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New Left Review I/117, September-October 1979


Harald Jung

The Fall of Somoza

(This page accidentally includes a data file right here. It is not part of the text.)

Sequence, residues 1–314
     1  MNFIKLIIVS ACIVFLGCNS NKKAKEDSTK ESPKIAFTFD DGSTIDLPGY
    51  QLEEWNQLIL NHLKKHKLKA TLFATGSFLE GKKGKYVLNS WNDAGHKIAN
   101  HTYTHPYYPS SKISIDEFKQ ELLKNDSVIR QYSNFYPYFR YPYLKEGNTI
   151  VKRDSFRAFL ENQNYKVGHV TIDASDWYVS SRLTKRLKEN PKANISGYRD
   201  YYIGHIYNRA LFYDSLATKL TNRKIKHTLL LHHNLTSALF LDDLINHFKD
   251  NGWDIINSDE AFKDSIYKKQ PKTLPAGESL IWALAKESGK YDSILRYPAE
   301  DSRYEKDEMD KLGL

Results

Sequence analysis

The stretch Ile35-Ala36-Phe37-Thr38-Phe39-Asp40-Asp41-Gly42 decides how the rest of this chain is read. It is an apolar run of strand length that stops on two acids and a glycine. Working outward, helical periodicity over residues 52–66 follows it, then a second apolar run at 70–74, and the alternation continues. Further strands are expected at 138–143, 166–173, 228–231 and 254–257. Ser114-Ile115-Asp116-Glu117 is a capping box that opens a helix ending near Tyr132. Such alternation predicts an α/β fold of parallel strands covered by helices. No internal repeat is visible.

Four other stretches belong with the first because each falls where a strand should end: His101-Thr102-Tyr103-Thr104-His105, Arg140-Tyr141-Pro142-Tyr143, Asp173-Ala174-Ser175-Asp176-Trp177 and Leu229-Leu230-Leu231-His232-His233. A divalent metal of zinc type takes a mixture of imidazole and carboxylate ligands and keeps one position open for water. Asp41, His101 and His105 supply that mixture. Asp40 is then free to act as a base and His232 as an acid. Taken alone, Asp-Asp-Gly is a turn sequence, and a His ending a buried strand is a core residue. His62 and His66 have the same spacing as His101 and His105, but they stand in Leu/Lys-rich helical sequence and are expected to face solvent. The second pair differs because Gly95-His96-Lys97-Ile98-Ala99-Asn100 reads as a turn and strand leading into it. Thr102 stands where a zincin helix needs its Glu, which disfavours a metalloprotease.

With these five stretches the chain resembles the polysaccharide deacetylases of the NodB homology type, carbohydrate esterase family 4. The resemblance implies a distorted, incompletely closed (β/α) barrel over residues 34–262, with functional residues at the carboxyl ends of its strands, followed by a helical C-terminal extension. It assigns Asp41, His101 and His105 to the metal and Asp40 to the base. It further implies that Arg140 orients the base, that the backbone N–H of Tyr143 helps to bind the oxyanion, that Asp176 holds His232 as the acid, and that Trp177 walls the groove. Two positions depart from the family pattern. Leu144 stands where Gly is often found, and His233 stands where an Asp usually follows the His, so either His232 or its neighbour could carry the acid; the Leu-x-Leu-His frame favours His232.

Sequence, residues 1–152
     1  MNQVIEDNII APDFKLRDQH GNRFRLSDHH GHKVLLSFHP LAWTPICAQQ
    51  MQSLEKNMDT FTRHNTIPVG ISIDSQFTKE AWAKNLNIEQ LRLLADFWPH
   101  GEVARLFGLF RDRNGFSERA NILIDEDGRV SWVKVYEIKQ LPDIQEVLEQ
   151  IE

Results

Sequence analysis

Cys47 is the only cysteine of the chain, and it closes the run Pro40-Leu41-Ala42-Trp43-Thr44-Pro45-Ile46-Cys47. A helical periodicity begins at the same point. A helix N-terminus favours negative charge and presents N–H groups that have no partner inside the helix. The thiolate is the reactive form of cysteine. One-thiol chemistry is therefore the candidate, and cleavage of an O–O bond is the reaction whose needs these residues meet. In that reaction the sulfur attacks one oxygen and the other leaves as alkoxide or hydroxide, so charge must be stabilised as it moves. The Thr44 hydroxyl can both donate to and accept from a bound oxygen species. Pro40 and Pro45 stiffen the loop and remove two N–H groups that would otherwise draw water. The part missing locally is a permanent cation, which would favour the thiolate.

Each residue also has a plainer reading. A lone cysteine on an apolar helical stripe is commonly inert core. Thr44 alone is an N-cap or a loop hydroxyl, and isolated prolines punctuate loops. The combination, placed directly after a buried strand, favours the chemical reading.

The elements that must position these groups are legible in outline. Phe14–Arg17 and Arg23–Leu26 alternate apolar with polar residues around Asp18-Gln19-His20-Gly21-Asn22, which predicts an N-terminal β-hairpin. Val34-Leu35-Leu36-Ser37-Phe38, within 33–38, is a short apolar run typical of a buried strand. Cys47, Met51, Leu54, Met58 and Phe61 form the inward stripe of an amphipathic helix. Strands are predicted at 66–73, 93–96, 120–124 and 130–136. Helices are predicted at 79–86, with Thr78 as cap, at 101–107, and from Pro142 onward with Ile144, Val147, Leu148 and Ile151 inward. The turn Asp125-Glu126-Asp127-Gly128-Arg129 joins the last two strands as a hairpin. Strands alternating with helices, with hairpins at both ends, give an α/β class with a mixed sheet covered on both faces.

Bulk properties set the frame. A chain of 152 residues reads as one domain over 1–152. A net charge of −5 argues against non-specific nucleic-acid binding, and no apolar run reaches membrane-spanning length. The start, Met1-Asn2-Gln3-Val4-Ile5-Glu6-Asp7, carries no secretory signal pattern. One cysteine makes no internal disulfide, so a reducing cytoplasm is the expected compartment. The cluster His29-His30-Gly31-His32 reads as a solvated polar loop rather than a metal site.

The first decades of the 20th century saw the transformation of Nicaragua into one of the so-called banana republics of Central America; though it was not so much banana companies who took charge of the country’s political and economic destiny, as United States wood and mining interests. As the mining labour force expanded, these companies found themselves faced with a proletariat that was extremely rebellious by Central American standards, launching no less than ten armed insurrections against the US companies and their puppet governments between 1914 and 1925, in union with sections of the peasantry and national bourgeoisie, as well as a large number of major strikes.

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